Accursius[1] (in Italian Accursio or Accorso di Bagnolo; c. 1182 – 1263) was an Italian jurist. He is notable for his organization of the glosses, the medieval comments on Justinian's codification of Roman law, the Corpus Juris Civilis. He was not proficient in the classics, but he was called "the Idol of the Jurisconsults".

The grave for Accursius and for his son Franciscus, in Bologna, Italy.


Accursius was born at Impruneta, near Florence. A pupil of Azo, he first practised law in his native city, and was afterwards appointed professor at Bologna, where he had great success as a teacher. He undertook to arrange into one body the tens of thousands of comments and remarks upon the Code, the Institutes and Digests.[2] Accursius assembled from the various earlier glosses for each of these texts a coherent and consistent body of glosses. This compilation, soon given the title Glossa ordinaria or magistralis, and usually known as the Great Gloss,[2] was essentially complete at about 1230. While Accursius was employed in this work, legend has it that, hearing of a similar one proposed and begun by Odofred, another lawyer of Bologna, he feigned indisposition, interrupted his public lectures, and shut himself up, till with the utmost expedition he had accomplished his design.[2]

After the middle of the 13th century, the Gloss had grown to be the starting point for every exegesis of the Corpus Iuris, and was even given force of law in some jurisdictions. The authority of the Gloss is probably due to Accursius' very exhaustive coverage of the civil law, in the course of which he not only pointed out its problems but unlike his predecessors also offered solutions for them.[3] Indeed, modern research has shown that Accursius' work contains nearly 100,000 glosses. The best edition is that of Denis Godefroy, published at Lyon in 1589, in six folio volumes.[2]

Apart from his work as a glossator, Accursius was also engaged very profitably as a legal consultant.

He lived and taught during the later years of his life at Bologna where he died in 1263. It was acknowledged that after his death the legal science in Italy suffered a decline.[4]


Three of his four sons were also jurists: Cervottus, Guilelmus and the noted Franciscus. The latter is buried with his father in one of the arcs lining the street near the Basilica of San Francesco, Bologna.[2]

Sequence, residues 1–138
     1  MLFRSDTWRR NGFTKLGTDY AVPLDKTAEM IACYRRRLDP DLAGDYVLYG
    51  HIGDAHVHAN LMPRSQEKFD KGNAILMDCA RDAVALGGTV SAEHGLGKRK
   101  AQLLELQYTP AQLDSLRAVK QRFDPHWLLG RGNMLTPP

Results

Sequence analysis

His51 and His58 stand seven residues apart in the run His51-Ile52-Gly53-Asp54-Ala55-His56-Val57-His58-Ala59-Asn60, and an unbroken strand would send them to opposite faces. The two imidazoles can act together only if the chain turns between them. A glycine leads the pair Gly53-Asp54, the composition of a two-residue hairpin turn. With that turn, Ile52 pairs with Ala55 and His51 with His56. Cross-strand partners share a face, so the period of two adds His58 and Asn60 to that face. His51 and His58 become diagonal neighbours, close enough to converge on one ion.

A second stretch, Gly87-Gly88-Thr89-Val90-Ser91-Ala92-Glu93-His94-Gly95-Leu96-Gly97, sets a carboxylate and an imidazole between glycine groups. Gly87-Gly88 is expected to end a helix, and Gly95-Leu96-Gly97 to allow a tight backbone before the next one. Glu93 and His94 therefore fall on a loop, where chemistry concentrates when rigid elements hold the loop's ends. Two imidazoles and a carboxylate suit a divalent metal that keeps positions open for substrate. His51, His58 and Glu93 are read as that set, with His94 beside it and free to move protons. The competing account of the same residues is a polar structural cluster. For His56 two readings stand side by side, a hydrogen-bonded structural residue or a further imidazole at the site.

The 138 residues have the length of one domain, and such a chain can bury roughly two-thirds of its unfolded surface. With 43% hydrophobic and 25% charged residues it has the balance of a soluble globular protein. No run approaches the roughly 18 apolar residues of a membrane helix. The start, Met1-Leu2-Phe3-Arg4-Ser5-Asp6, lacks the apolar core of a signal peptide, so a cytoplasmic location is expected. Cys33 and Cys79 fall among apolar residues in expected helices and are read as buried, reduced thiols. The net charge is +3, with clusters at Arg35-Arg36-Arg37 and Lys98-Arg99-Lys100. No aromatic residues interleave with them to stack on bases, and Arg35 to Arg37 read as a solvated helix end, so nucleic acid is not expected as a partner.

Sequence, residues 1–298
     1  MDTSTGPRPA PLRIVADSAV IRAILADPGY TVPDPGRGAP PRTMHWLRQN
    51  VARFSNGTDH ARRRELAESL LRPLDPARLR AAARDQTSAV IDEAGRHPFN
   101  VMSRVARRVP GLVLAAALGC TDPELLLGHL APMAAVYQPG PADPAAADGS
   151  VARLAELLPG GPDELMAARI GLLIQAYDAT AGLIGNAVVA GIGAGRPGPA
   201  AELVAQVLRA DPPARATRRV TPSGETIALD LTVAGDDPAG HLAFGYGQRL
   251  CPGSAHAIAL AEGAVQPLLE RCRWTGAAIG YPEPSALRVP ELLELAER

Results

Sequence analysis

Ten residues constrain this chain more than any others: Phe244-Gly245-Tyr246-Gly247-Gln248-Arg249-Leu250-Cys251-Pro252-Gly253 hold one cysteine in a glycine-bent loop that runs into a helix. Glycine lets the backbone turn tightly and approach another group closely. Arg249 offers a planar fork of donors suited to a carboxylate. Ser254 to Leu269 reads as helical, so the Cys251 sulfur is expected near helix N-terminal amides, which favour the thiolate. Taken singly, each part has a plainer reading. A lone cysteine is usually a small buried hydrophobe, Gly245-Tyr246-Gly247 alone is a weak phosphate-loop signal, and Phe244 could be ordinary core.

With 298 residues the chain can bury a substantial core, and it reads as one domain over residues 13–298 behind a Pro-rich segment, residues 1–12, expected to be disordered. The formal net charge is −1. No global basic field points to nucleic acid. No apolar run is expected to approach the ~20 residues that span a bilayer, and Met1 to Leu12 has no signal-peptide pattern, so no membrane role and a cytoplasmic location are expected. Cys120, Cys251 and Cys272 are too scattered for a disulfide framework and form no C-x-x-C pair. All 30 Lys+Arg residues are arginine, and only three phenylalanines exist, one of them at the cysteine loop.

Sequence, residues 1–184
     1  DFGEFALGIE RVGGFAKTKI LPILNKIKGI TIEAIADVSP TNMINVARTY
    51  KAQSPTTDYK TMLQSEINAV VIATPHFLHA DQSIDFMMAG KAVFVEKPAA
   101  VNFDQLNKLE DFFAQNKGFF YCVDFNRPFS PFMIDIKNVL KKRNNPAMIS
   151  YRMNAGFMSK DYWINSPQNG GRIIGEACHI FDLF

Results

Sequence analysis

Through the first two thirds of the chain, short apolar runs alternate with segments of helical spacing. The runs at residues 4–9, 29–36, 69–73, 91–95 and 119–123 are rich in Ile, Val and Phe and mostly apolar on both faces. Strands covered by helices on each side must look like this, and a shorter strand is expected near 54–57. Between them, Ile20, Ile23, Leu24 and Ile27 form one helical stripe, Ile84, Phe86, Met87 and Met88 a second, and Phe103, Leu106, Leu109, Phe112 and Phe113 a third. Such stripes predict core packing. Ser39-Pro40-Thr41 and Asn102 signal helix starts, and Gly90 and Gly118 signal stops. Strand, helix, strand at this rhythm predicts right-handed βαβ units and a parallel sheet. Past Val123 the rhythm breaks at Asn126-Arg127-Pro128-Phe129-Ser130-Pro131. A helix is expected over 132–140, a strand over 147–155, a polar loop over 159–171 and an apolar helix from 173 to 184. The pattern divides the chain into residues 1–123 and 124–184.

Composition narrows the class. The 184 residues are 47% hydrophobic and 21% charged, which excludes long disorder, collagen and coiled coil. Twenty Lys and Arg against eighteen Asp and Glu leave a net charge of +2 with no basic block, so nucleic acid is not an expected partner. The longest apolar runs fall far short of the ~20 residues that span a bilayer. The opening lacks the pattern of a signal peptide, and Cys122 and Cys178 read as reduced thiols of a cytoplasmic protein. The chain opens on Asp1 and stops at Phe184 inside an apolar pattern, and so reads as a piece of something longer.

For his magnum opus, Accursius was extolled by the lawyers of his own and the immediately succeeding age as the greatest glossator, and he was even called the idol of jurisconsults, but those of later times formed a lower estimate of his merits.[2] Eventually, 16th century humanists, including Rabelais in his Gargantua and Pantagruel, polemically criticised Accursius' Gloss.

Accursius' majestic residence on the Piazza Maggiore was later expanded into the Palazzo Comunale, or the town hall.

See alsoEdit


  1. ^ Later sources attribute to him – without a historical basis – the first name of "Franciscus", as well as surnames such as "Bonus" or "Azoninus".
  2. ^ a b c d e f   One or more of the preceding sentences incorporates text from a publication now in the public domainChisholm, Hugh, ed. (1911). "Accursius, Franciscus". Encyclopædia Britannica. Vol. 1 (11th ed.). Cambridge University Press. p. 134.
  3. ^ Weimar, op.cit.
  4. ^ The Cornell Law Quarterly, Volumes 1-5, p. 437
  5. ^ Harvard Legal Essays, Written in Honor of and Presented to John Henry Beale and Samuel Williston, 1977, Ayer Company Publishers, Incorporated, p. 522, note 8: "He who owns the soil owns it up to the sky." The maxim had no place in the Roman law during its classical period, but is said to have been first used by Accursius of Bologna, a commentator, who flourished in the thirteenth century. It has been suggested that the maxim was introduced into England by the son of Accursius whom Edward I brought with him on his return from the Holy Land and who for many years held high office under the Crown and also was connected with Oxford University. Bouvé, Private Ownership of Airspace, 1 Air Law Rev. 232, 246–248. At any rate, nearly three centuries later the reporter's note to Bury v. Pope, Cro. Eliz. 118 [78 Eng. Rep. 375] (1587) ascribes the maxim to the time of Edward I."
  6. ^ Clement Lincoln Bouvé, "Private Ownership of Airspace", 1 Air Law Rev. 232, 376 (1930), 246–248
  7. ^ "Aeronautics: Sky the Limit?". Time. August 4, 1930. Archived from the original July 15, 2010.
  8. ^ "A colourful phrase often upon the lips of lawyers since it was first coined by Accursius in Bologna in the 13th century", Justice Griffiths, in Baron Bernstein of Leigh v Skyviews and General Ltd [1978] QB 479, quoted in "Max Headroom: Ownership Of Airspace – Can You Reach For The Stars?", Digging the Dirt, Jon Dickins, Monday, 28 February 2011
  9. ^ Wilkie, Malcolm & Luxton: Q&A: Land Law 2011 and 2012, Oxford University Press, Chapter 2: Definition of Land Archived June 23, 2011, at the Wayback Machine, p. 5, "Question 1:Cuius est solum, eius est usque ad coelum et ad inferos (the owner of the land owns everything up to the sky and down to the centre of the earth). … Suggested Answer: This maxim, which was coined by Accursius in the thirteenth century, relates to the extent of the ownership enjoyed by the fee simple owner."

Further readingEdit

  • Weimar, Peter (2001). "Accursius". In Michael Stolleis (ed.). Juristen: ein biographisches Lexikon; von der Antike bis zum 20. Jahrhundert (in German) (2nd ed.). München: Beck. p. 18. ISBN 3-406-45957-9.
  • Text of the Glossa ordinaria of Accursius is available online (archived version) in an edition Lyon (Prost, Iullieron) 1627.

External linksEdit